As a part of the Love Beats Hate Blogging Event I am coming out of blogging retirement to share about the power of love as I have experienced it through supportive communities online.
Walking through a chronic illness such as Migraine disease can be a dark journey and very isolating. When the initial rush of support dies down, and the urgency of friends and family members to be present physically/emotionally dies away, it can be a very silent place. Sometimes there are voices of judgment because one has not made any improvement. Sometimes there are voices of relentless questioning and unwanted advice. Sometimes the voices are simply absent.The judgment, questioning, advice and silence are enough to stifle the fight and hope inside of a person with that chronic illness.
Countless mediums exist on the internet full of information and support. In November 2007, a little over two years after my Migraines had become disabling, I stumbled across My Migraine Connection (MMC). The darkness of my disease was quite oppressive and my thirst for knowledge was large. I took the leap of faith and posted on MMC's forum. I felt quite vulnerable putting my story out there, but I was immediately drawn into the pool of love and support that these members had to offer. Their kindness, insightful suggestions and encouragement kept bringing me back until I was daily hanging out on the forum, becoming a part of the community. Why wouldn't I want to be in a place where I was surrounded by people who knew my story, understood it and loved me through the journey? This community re-ignited the fire within me to fight for myself and not give up on hope for better management of my disease.
Hoopsky, Dragondrool, nutmegan, LauraP, historianrja, Nancy, Teri, kiwiE-J, URI.Kate, Peggy, Heather, Meli, Jamie, Cindy, DebMomm, Alaura, Katinthecorner, jennyc, gwp (Gretchen in Mississipi), nutcracker, cyn, Mel Z, Lawyerlee, justgrateful, Eileen, Leloo, lisa ebk, Tonya, MaxJerz (and the list goes on) were people that helped me survive the war of everything that goes into living day in and day out with constant severe pain. We were a family of fighters and survivors who would fight for each other with extreme love and compassion. I had not seen many of their faces (until some of us connected on facebook) and certainly did not know many of their real names, but it did not matter.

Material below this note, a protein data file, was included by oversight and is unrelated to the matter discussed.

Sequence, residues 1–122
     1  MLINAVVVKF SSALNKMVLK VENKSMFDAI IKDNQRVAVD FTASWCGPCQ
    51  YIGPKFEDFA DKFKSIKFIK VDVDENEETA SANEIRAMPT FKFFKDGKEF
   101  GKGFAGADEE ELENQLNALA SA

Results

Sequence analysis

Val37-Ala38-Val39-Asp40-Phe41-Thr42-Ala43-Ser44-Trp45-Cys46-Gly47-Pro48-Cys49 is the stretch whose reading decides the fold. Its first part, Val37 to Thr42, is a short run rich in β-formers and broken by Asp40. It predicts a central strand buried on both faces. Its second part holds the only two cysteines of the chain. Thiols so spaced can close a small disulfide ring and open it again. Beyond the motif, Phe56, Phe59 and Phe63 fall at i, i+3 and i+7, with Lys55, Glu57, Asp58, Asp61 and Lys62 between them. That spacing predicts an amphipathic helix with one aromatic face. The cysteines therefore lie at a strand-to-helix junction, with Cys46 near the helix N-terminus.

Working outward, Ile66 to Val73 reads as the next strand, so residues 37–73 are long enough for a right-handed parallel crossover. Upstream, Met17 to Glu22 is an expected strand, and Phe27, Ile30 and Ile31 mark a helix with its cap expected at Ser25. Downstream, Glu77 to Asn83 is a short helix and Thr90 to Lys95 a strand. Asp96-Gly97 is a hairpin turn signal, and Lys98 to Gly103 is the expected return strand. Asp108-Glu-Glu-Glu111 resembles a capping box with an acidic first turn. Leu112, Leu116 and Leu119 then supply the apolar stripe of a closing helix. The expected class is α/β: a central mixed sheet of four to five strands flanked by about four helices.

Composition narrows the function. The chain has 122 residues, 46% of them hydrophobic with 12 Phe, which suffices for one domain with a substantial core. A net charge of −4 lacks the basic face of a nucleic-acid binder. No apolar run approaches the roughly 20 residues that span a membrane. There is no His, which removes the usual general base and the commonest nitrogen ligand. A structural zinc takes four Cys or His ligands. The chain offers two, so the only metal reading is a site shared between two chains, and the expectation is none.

A few of these friendships have extended into a sisterhood of women who I would count as closer to myself than most of the people I know in person. These are women who were there for me when most all of my other friends stepped back.
When The Oprah Winfrey Show was featuring Skype on many of its broadcasts, I would dream of a show where our forum members would all be interviewed by Oprah via Skype. Skype being perfect for us Migraineurs who often times are confined to our homes and certainly wouldn't all feel well enough to travel to Harpo Studios in Chicago. She'd interview us because we were an example of women loving and supporting each other in a way that made such a difference in each other's lives. Don't we all sometimes have this self-centered view that Oprah would be interested in us for a show? Of course every Migraineuer's dream would be that the rest of the show would focus on ADHA (Alliance for Headache Advocacy) with Teri Robert and the top Migraine/Headache specialists discussing Migraine treatment and the need for more research. But, I digress.
The love of my forum family got me through some very rough patches: endless hospitalizations, countless medication trials and complicated emotions including despair about my prognosis.
I would never wish Migraine disease on anyone, but if I had never had it, I would never have gotten to know so many truly incredibly loving and caring people. Some of these women will be friends and sisters for life.